One of the nation’s first schools of leadership studies is at the University of Richmond, in Virginia, and it appears to be heavily endowed – financially. The school’s basic course, taught by a Dr. J. Thomas Wren and entitled Foundations of Leadership Studies includes as required reading Aristotle, Plato, Machiavelli, Tolstoy, and Marshall Sashkin, author of “Visionary Leadership: The Perspective from Education.” (Five pages of War and Peace, eleven pages of The Republic, seven pages of Aristotle, four pages of Machiavelli, a quantity of Marshall Sashkin.)

At a Character Counts Conference sponsored by the Clinton White House, DeMott found himself mired in a folder of curricular materials that included moral problems for “toddler cogitation,” illustrated ethical sayings for grade-schoolers – “Respect is like a boomerang. If you respect others they in turn will respect you.” – and exhibits of “personal dilemma writing” by high schoolers:

I read about Fred, who dropped a fly ball in a championship game; life was a torment of options for the student author of this piece: I could tease [Fred] like all the other kids, I could walk away from the situation, or I could stand up for Fred. If I joined in and started to ridicule him I would hurt his feelings and I probably wouldn’t feel good about myself. If I walked away from the situation I would be ignoring the whole thing and approving of what the other kids were doing. If I stood up for Fred I could stop the other kids from teasing him. I had a tough decision and I couldn’t decide what to do.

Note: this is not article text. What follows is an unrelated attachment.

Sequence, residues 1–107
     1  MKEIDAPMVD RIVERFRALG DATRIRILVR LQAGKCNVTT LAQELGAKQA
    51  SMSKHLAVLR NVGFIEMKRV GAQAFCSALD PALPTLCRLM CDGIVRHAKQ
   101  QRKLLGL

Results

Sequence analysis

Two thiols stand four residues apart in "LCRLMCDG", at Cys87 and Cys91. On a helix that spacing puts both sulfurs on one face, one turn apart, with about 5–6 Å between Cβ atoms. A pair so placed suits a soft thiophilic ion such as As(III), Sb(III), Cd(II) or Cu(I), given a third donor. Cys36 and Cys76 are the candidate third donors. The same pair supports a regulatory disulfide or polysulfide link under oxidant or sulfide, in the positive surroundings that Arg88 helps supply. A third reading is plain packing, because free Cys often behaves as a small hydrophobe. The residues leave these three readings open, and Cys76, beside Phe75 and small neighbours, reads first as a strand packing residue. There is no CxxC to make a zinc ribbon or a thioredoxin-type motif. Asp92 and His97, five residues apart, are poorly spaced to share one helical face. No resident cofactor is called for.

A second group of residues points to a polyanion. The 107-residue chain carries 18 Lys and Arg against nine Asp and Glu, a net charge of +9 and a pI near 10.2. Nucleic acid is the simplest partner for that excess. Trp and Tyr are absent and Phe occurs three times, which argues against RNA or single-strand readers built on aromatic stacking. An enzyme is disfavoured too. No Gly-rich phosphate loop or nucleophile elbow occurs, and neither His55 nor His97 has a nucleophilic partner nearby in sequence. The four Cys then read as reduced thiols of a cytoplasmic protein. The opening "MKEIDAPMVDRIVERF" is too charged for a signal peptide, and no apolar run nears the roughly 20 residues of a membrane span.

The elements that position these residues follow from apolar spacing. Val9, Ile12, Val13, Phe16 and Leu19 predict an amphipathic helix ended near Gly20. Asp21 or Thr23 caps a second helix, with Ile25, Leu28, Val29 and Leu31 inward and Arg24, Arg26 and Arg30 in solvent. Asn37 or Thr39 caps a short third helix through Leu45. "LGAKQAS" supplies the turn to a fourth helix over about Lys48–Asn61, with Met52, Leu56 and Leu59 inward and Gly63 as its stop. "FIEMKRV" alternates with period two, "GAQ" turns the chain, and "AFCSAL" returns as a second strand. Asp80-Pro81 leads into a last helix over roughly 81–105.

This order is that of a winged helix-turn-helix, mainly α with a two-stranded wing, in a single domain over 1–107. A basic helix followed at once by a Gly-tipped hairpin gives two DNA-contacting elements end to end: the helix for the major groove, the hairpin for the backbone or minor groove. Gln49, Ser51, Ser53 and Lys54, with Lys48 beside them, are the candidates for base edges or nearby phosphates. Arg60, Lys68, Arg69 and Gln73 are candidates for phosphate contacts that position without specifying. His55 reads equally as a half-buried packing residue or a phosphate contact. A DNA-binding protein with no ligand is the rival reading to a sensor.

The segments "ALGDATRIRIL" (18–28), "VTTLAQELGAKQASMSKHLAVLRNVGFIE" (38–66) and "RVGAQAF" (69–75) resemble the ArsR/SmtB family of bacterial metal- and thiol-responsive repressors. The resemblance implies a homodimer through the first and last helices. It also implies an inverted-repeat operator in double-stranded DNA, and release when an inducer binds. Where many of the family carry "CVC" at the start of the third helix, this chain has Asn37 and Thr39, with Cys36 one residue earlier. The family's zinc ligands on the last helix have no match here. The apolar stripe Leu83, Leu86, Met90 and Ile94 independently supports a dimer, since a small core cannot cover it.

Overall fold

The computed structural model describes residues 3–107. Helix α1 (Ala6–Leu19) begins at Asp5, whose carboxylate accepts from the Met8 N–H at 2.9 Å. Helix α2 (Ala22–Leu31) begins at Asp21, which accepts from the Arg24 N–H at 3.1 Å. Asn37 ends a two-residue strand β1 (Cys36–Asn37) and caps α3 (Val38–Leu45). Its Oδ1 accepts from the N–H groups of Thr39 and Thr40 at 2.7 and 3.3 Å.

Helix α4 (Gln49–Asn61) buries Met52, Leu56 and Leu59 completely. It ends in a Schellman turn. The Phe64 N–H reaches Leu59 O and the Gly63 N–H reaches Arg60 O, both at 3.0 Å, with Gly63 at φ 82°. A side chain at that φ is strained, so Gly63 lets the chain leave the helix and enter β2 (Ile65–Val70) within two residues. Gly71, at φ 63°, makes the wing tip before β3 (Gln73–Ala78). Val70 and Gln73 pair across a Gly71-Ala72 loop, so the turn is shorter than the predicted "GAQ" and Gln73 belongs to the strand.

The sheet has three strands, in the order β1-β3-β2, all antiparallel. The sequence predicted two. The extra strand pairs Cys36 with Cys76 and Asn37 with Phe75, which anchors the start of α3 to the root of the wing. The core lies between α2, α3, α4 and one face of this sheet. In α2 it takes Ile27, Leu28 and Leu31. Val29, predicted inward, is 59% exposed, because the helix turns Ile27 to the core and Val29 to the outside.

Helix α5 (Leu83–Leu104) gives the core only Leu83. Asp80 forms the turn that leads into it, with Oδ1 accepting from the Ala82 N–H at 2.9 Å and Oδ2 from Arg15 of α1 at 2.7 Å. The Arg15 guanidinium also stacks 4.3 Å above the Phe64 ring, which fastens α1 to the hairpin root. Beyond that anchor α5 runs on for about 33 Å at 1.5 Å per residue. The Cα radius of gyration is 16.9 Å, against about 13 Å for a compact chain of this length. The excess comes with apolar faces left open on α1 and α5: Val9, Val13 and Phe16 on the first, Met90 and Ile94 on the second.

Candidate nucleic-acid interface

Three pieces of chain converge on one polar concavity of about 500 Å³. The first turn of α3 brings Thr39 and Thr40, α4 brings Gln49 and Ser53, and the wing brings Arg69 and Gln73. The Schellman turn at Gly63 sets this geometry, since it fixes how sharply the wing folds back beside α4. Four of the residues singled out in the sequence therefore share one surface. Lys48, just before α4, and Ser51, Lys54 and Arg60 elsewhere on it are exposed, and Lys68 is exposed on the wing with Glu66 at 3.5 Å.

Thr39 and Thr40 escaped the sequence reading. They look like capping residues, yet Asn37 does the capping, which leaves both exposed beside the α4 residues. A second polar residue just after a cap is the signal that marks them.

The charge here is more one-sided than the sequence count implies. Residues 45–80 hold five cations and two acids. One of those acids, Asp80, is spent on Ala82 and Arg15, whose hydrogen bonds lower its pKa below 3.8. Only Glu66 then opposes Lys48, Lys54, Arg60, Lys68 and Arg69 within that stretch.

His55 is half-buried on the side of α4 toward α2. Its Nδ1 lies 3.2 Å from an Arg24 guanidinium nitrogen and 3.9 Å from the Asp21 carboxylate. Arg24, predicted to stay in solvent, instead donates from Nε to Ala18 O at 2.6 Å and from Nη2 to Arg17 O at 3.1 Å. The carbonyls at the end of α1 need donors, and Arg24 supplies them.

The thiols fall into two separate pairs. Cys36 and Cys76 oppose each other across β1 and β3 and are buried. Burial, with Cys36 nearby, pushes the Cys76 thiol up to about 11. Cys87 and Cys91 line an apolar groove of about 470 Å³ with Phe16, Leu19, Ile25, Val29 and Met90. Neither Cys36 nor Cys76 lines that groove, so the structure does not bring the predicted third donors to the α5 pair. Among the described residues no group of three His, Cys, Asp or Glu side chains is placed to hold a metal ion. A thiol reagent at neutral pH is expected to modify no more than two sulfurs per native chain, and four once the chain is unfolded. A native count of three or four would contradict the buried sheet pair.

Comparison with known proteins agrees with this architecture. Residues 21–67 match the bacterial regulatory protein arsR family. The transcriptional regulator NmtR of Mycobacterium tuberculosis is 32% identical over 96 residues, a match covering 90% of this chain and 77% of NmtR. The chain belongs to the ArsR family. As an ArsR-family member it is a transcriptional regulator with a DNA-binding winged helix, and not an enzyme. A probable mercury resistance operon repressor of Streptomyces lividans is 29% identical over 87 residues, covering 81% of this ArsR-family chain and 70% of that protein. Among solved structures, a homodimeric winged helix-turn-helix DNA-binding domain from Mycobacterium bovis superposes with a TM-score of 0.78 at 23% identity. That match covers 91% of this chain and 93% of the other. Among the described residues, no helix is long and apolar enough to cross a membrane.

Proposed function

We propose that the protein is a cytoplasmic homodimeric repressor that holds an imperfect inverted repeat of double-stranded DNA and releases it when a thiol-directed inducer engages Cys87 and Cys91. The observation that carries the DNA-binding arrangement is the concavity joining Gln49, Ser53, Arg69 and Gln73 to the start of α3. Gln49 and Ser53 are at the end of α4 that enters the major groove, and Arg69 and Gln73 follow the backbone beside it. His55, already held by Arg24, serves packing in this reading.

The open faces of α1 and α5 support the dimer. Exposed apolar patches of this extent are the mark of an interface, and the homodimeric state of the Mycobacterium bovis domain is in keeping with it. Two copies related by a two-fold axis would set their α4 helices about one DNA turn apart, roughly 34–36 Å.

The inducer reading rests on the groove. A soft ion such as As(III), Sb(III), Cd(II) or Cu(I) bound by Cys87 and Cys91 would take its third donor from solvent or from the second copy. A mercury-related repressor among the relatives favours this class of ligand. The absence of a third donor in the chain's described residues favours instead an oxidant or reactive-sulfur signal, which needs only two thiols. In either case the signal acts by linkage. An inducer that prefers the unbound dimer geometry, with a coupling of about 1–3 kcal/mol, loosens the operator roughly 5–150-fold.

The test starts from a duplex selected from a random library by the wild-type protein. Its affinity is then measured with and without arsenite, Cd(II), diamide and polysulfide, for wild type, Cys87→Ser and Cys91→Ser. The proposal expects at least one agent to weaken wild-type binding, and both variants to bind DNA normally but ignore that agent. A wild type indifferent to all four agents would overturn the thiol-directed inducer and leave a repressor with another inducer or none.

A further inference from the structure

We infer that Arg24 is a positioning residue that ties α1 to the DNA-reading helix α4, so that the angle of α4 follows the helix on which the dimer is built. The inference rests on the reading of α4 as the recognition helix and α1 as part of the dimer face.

It was a giggle to read diaries of American youth struggling day by day, “possibly with devilment in its eye but obedient to Teacher’s Assignment” – to heed “one core ethical pillar/value.” But the joke wasn’t funny for long. Irritated by the Conference’s “Goodies” (“Emerson’s name for the self-congratulatingly high-minded”), DeMott just said No to their “proposition that the national decline of respect and discipline, having nothing to do with the mounting greed and egomania of the privileged, can be reversed by teaching upcoming generations how to Hamletize about pop flies.”

DeMott’s anger at “Goodies” helped get him going in the final decades of his life. Back in the mid-70’s, he allowed (in his piece on that Southampton Conference) that he felt stuck (like a sub-Beckett character):

I see that I’m waiting, have been waiting, will doubtless go on waiting for some indeterminate stretch for “things to open up” – and I grasp that this is both odd and wrong, since in fact I alone have the key – and I go on waiting.

He wasn’t the only one, of course, dealing with a diminished sense of possibility in the 70s. But his own sense of stasis must have been particularly acute because he’d been on a roll in the 60s. DeMott wasn’t about to wait for “things to open up” during that decade as the opening piece of Supergrow proves.


“But He’s a Homosexual…” began with a survey of then common indictments of homosexual artists. DeMott took names and no prisoners, nailing idiot-clinical exegetes of Who’s Afraid of Virginia Woolf?, macho Ramparts writers, Philip Roth (who had attacked Albee’s “pansy prose” in NYRB). He argued that Stanley Kauffmann’s “humane” apology for “homosexual style” and Susan Sontag’s case for Camp were potentially even more pernicious. Like a range of other less-than-hostile takes on “homosexual art,” their positions reinforced “the dogma that the homosexual’s representation of life can only be a representation of homosexual truth – ‘his truth’ as opposed to ‘ours,’ as Kauffmann put it.” DeMott said Goodbye To All That:

You seem almost to imply that someone reading a poem or play dealing directly with homosexual experience could nevertheless achieve – through his encounter with this work of art – deeper understanding of aspects of strictly heterosexual relationships. Do you really mean this? Answer: Yes.